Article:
Spring cleaning can be more than just chores.
March is here and with it is the promise of Spring. Spring can be one of the most productive times of the year as we melt away from the homogeneity of winter and into a time of possibility and renewed excitement for getting out into the world and getting things done. You may have plans to organize your closet or clear out the garage as a spring cleaning ritual, but have you given thought to cleaning up some of the habits that no longer serve you?
Spring is the perfect time to sow the seeds of what we wish to grow. We are able to be more rooted in our progress when we clear out self sabotaging habits and replace them with more positive, growth-oriented ones that bring us more into alignment with the best version of ourselves. This article will provide some strategies so you can approach the concept of ‘personal spring cleaning’ in a simple, effective way that will declutter old programming to make way for the updated version of you.
Work on removing old habits this March.
This March try to remove one smaller, unproductive habit per week or a more destructive habit for the entire month and assess the difference you feel after removing the habit for some period of time. Some examples could be trying to not use electronic devices 1 hour before bed, not being sedentary during your lunch break or omitting processed foods or added sugars from your diet.
Breaking old habits is tricky business, especially if we approach it from a rigid framework that leaves no room for error. The first thing to acknowledge as we decide to make significant changes is our humanity -- we are not perfect and there will most likely be mishaps along the way. Rather than let this prevent us from trying or being unkind to ourselves, it is vital to allow yourself some grace when pursuing your personal development.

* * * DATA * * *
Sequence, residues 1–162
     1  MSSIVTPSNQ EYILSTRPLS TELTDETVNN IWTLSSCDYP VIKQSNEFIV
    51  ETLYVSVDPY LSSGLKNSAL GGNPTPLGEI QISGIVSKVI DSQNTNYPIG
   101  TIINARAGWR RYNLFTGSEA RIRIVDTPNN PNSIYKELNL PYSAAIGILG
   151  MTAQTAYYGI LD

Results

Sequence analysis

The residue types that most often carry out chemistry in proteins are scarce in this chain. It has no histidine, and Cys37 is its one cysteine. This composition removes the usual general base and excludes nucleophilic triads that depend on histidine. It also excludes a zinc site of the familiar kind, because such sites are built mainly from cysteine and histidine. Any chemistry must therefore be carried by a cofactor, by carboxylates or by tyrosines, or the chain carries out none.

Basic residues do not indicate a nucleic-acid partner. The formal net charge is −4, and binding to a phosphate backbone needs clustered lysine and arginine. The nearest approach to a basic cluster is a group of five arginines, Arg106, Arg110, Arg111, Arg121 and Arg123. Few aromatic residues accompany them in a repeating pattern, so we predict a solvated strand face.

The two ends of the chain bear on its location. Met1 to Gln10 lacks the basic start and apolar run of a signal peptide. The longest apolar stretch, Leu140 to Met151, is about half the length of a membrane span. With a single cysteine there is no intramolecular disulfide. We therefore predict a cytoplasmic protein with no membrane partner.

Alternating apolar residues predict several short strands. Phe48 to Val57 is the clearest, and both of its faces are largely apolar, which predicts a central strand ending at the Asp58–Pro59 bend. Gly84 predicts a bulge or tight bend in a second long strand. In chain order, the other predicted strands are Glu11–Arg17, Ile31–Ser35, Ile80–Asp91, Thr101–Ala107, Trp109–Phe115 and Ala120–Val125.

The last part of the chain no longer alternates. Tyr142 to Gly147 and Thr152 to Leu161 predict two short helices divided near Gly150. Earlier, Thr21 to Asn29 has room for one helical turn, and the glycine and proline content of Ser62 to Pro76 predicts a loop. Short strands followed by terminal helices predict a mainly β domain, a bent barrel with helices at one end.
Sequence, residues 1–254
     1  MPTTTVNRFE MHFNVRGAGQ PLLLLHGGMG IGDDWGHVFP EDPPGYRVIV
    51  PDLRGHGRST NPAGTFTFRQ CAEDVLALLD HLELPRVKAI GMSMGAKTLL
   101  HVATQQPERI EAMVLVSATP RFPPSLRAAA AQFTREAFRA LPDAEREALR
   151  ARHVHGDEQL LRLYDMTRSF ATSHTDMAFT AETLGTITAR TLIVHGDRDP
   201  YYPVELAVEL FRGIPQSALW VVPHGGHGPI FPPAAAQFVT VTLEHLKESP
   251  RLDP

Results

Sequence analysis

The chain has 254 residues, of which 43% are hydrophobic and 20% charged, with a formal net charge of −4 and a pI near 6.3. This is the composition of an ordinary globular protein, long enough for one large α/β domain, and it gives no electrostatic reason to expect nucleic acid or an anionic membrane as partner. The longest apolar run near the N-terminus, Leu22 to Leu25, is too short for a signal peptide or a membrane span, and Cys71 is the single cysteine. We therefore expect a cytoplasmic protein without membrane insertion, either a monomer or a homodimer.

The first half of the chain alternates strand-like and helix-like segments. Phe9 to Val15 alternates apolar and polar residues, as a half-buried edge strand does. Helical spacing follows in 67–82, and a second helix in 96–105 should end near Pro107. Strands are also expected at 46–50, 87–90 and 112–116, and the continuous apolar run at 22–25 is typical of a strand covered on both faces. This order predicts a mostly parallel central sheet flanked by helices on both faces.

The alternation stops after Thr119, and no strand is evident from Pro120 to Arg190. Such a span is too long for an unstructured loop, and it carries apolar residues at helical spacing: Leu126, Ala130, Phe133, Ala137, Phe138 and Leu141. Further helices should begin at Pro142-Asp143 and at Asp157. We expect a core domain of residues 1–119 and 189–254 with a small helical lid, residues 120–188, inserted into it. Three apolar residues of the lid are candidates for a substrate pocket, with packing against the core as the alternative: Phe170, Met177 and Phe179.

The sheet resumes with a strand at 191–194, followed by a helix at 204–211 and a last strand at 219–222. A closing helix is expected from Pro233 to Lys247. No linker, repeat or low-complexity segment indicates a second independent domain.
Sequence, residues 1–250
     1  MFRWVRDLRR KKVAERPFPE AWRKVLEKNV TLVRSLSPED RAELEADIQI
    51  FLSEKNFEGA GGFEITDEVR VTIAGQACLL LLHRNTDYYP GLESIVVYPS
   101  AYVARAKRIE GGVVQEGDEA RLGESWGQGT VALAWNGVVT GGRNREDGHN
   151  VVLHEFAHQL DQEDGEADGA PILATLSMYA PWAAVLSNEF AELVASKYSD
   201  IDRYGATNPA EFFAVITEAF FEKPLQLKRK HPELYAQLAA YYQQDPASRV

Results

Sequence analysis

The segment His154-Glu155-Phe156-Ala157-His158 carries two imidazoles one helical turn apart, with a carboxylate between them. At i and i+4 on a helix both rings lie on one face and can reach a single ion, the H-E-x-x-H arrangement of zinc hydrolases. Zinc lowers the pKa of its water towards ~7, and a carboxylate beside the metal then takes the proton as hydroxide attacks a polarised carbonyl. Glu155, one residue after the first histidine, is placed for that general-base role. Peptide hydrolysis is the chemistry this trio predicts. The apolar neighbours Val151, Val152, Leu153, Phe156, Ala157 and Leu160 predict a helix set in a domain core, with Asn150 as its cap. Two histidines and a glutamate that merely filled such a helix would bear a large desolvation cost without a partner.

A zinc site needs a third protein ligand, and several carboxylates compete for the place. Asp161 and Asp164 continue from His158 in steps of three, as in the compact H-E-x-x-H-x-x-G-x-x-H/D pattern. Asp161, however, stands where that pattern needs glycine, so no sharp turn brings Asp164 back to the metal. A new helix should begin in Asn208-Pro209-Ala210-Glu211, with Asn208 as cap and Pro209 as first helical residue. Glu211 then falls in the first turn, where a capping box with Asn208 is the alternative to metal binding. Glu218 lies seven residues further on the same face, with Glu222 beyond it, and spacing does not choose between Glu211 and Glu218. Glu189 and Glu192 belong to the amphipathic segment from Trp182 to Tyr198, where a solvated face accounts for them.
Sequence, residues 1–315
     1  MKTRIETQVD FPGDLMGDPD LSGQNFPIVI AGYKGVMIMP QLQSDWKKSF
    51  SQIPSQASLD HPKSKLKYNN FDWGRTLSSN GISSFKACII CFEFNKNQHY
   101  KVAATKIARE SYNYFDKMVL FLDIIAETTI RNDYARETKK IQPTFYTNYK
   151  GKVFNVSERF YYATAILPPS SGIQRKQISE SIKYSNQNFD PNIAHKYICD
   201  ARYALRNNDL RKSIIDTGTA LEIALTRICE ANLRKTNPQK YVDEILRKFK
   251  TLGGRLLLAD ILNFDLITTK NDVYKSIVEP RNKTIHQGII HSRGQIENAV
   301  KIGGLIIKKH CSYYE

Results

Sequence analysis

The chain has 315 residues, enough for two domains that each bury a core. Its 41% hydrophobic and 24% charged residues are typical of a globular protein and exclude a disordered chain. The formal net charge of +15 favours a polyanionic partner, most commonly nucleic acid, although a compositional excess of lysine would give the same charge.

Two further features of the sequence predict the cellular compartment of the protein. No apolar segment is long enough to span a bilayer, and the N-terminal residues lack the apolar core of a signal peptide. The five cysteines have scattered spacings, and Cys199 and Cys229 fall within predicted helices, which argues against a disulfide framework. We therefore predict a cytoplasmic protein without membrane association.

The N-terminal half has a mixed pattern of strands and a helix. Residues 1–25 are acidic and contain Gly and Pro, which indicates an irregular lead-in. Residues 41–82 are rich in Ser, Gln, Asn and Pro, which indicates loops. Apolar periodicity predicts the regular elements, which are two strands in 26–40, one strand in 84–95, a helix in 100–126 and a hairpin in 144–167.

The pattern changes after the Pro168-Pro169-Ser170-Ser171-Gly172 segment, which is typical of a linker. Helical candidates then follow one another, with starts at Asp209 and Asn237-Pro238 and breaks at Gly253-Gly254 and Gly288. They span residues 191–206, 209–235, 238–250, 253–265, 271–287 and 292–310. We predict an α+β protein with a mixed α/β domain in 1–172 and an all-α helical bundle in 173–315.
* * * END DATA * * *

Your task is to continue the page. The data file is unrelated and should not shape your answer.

Psychology Today provides some tangible advice for approaching the removal of unproductive habits with 10 straight-forward steps to simplify the process:
Define the concrete behavior you want to change or develop.
Identify the triggers.
Deal with the triggers.
Develop a substitute plan.
Change the larger pattern.
Support and reward yourself.
Be persistent and patient.
Consider getting professional help.
Essentially we want to look at the problem behavior and clearly identify it, think of a substitute behavior and implement the newer, more constructive behavior pattern in place of the one we are trying to remove.
Replace old, self-sabotaging habits with growth-oriented new ones.
Anyone that has made a New Year’s resolution that never quite panned out knows that a goal without strategy never materializes. When looking to remove bad habits, it is good planning to have productive habits to replace them with. As you go through your weekly or monthly habits you’ll be removing this March, think of what you would like to replace them with.
In the example of not being sedentary during a lunch break mentioned earlier, you could substitute sitting in front of the computer with going for a walk. If you are looking to remove added sugars from the diet, think of healthier options to address cravings for sweets. Life Hack and HuffPost have excellent articles that expand on this subject in more detail and provide more tips on how to successfully change your habits.
We hope this article has inspired you to think more about the ways you can optimize your behavior and live in a way that is more aligned with your best self this March and beyond.